Bedecked in the colors of the flag, Arrowsmith’s Steven Tyler delivered a screeching, rock version of the National Anthem that disappointed many fans at the 2001 Indianapolis 500.
One person not totally disappointed was AAMB trumpeter David Hornthal who took home Tyler’s harmonica as a souvenir of the race. Playing the harmonica to start a song is a Tyler trademark, but once the rock singer was finished with his intro, he tossed the harmonica into the crowd. Although several auxiliary members desperately tried to grab the harmonica, it was Hornthal who came up with it.
Because Tyler had his own ideas about how to deliver the National Anthem, the Purdue "All-American" Marching Band played only a few brief measures of music before he began, and provided an instrumental climax after he was finished.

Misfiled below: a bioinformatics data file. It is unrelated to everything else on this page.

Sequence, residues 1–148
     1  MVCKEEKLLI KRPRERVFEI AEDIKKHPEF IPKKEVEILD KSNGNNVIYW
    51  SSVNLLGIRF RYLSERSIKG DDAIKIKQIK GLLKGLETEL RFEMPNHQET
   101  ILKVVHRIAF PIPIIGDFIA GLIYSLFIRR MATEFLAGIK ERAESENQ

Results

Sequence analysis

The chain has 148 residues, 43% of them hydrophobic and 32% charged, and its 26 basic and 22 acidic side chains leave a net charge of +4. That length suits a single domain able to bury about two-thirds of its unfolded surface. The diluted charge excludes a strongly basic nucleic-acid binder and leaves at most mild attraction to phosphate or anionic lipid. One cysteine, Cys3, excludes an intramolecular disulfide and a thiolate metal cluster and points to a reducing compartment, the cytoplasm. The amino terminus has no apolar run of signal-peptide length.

Normally the media doesn’t cover the National Anthem. But so many fans were upset by the textual changes in Tyler’s version, and the appropriateness of his singing style, that newspapers and television stations wrote stories about it. WTHR-TV in Indianapolis conducted a poll on their website where readers could express their views. More than 65 percent labeled it disrespectful or unforgivable, while approximately 20 percent thought it was great, another 10 percent OK, and the rest opted for the category "Roseanne Arnold’s was worse."